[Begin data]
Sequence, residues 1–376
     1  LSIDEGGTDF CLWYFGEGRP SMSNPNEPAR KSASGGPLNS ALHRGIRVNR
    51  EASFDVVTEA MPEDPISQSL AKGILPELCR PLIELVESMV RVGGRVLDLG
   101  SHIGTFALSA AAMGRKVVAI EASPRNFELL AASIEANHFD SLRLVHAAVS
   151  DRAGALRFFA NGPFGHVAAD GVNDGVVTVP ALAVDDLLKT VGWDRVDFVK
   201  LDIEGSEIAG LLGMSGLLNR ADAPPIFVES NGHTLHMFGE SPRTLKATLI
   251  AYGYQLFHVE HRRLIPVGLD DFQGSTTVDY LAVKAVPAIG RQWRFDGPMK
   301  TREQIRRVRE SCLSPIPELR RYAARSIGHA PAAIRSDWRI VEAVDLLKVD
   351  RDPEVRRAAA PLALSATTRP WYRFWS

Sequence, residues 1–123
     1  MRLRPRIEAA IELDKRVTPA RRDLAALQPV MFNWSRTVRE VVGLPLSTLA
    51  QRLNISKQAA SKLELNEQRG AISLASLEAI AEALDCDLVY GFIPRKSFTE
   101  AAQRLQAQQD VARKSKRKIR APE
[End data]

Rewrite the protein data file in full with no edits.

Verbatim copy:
Sequence, residues 1–376
     1  LSIDEGGTDF CLWYFGEGRP SMSNPNEPAR KSASGGPLNS ALHRGIRVNR
    51  EASFDVVTEA MPEDPISQSL AKGILPELCR PLIELVESMV RVGGRVLDLG
   101  SHIGTFALSA AAMGRKVVAI EASPRNFELL AASIEANHFD SLRLVHAAVS
   151  DRAGALRFFA NGPFGHVAAD GVNDGVVTVP ALAVDDLLKT VGWDRVDFVK
   201  LDIEGSEIAG LLGMSGLLNR ADAPPIFVES NGHTLHMFGE SPRTLKATLI
   251  AYGYQLFHVE HRRLIPVGLD DFQGSTTVDY LAVKAVPAIG RQWRFDGPMK
   301  TREQIRRVRE SCLSPIPELR RYAARSIGHA PAAIRSDWRI VEAVDLLKVD
   351  RDPEVRRAAA PLALSATTRP WYRFWS

Sequence, residues 1–123
     1  MRLRPRIEAA IELDKRVTPA RRDLAALQPV MFNWSRTVRE VVGLPLSTLA
    51  QRLNISKQAA SKLELNEQRG AISLASLEAI AEALDCDLVY GFIPRKSFTE
   101  AAQRLQAQQD VARKSKRKIR APE